Presentations and pipe-dreams
TS and I often talked about how best to give a mathematical lecture, or
presentation at a conference. Perhaps this is not at all surprising, as our common advisor (Richard Brualdi) is an incredible expositor, as was TS’s undergraduate advisor (Herb Ryser, our mathematical grandfather). TS often mentioned how Herb Ryser scripted every moment of a lecture; he knew each word he would write on the board and exactly where it would be written. TS wasn’t quite so prescriptive–but before any presentation he gave he would go to the actual room of the presentation a couple of times and run through the talk. This would include answering questions from the “pretend” audience. After being inspired by TS’s talks, I adopted this preparation method.
TS and I also fantasized about our talks ending with the audience lifting us up on their shoulders and carrying us out of the room in triumph! That is never happened to either of us (that I know of), but to have it, as a dream has always been a good motivation.

Mathematical heritage
TS was very interested in his mathematical heritage, and his mathematics brothers and sisters. TS was the 12th of Brandi’s 37 PhD students; I was the 15th. In 2005, TS and I organized a conference (called the Brualidfest) in honor of Richard Brualdi. Below I attach some photos of the design for the T-shirt.

ts-michaels_memories1

t-shirt design for Brualdi-Fest, 1

The first image shows a biclique partition of K_5; for each color the edges of the given color form a complete bipartite graph; and each each of the completed graph on 5 vertices is in exactly one of these complete bipartite graph. This is related to one of TS’s favorite theorem: the Graham-Pollak Theorem.

ts-michaels_memories2

t-shirt design for Bruldi-Fest, 2

The second image (when the symbols are replaced by 1s) is the incidence matrix of the projective plane of order 2; one of TS’s favorite matrices.

Here’s a photo of the Brualdi and his students at the conference:

ts-michaels_memories3

From L to R they are: John Mason (?), Thomas Forreger, John Goldwasser, Dan Pritikin, Suk-geun Hwang, Han Cho, T.S. Michael, B. Shader, Keith Chavey, Jennifer Quinn, Mark Lawrence, Susan Hollingsworth, Nancy Neudauer, Adam Berliner, and Louis Deaett.

Here’s a picture for a 2012 conference:

ts-michaels_memories4

From bottom to top: T.S. Michael (1988), US Naval Academy, MD; Bryan Shader (1990), University of Wyoming, WY; Jennifer Quinn (1993), University of Washington, Tacoma, WA; Nancy Neudauer (1998), Pacific University, OR; Susan Hollingsworth (2006), Edgewood College, WI; Adam Berliner (2009), St. Olaf College, MN; Louis Deaett (2009), Quinnipiac University, CT; Michael Schroeder (2011), Marshall University, WV; Seth Meyer (2012), Kathleen Kiernan (2012).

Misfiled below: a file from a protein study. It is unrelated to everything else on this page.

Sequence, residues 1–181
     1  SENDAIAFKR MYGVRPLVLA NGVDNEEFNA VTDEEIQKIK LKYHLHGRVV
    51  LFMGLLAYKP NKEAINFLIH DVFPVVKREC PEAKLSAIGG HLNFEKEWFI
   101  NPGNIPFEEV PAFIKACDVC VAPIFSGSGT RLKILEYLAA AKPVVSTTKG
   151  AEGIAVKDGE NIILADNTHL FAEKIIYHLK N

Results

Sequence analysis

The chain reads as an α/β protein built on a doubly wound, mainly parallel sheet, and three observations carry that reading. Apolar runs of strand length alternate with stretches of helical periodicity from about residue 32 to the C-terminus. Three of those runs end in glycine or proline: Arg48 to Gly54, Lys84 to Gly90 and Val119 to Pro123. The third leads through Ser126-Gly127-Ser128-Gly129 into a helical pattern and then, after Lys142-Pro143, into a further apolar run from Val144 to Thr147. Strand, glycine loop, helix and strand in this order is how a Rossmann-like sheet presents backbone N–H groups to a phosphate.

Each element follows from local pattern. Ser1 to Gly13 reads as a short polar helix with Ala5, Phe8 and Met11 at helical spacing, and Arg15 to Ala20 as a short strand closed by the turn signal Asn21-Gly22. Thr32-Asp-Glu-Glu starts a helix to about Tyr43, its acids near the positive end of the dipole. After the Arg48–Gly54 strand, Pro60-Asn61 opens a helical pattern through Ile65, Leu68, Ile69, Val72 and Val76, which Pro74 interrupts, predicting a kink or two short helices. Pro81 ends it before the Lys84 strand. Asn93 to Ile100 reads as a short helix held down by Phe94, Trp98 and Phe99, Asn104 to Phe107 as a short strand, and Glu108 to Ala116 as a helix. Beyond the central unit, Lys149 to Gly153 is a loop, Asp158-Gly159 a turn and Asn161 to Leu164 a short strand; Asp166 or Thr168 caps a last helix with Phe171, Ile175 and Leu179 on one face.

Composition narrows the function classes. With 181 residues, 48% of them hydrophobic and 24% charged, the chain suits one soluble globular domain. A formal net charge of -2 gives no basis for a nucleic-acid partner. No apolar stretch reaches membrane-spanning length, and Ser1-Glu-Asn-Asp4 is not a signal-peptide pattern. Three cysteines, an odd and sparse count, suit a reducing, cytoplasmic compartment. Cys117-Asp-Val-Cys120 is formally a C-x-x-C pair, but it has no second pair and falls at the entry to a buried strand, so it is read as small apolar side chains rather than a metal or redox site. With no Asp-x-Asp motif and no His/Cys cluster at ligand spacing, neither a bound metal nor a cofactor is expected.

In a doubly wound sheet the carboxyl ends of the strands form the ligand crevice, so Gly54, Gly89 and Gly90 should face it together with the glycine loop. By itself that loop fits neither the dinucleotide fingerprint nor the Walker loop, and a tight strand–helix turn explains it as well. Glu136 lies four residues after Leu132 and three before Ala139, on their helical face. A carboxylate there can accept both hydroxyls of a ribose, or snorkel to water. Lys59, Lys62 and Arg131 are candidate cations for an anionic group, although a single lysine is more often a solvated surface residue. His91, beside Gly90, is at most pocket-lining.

Here’s a caricature of TS made by Kathy Wilson (spouse of mathematician
Richard Wilson) at the Brualdifest:

OLYMPUS DIGITAL CAMERA

TS Michael, by Kathy Wilson

Long Mathematical Discussions
During graduate school, TS and I would regularly bump into each other as we
were coming and going from the office. Often this happened as we were crossing University Avenue, one of the busiest streets in Madison. The typical conversation started with a “Hi, how are you doing? Have you considered X?” We would then spend the next 60-90 minutes on the street corner (whether it was a sweltering 90 degrees+, or a cold, windy day) considering X. In more recent years, these conversations have moved to hotel lobbies at conferences that we attend together. These discussions have been some of the best moments of my life, and through them I have become a better mathematician.

Here’s a photo of T.S. Michael with Kevin van der Meulen at the Brualdi-fest.

OLYMPUS DIGITAL CAMERA

I’m guessing they are in the midst of one of those “Have you considered X?” moments that TS is famous for.

Mathematical insight
TS has taught me a lot about mathematics, including:

  •  How trying to generalize a result can lead to better understanding of the original result.
  •  How phrasing a question appropriately is often the key to a mathematical breakthrough
  • Results that are surprising (e.g. go against ones intuition), use an elegant proof (e.g. bring in matrices in an unexpected way), and are aesthetically pleasing are worth pursing (as Piet Hein said “Problems worthy of attack, prove their worth by fighting back.”)
  •  The struggle to present the proof of a result in the simplest, most self-contained way is important because often it produces a better understanding. If you can’t say something in a clean way, then perhaps you really don’t understand it fully.

TS’ mathematics fathers are:
Richard Brualdi ← Herb Ryser ← Cyrus MacDuffee ← Leonard Dickson ← E.H. Moore ← H. A. Newton ← Michel Chasles ← Simeon Poisoon ← Joseph Lagrange ← Leonhard Euler ← Johann Bernoulli.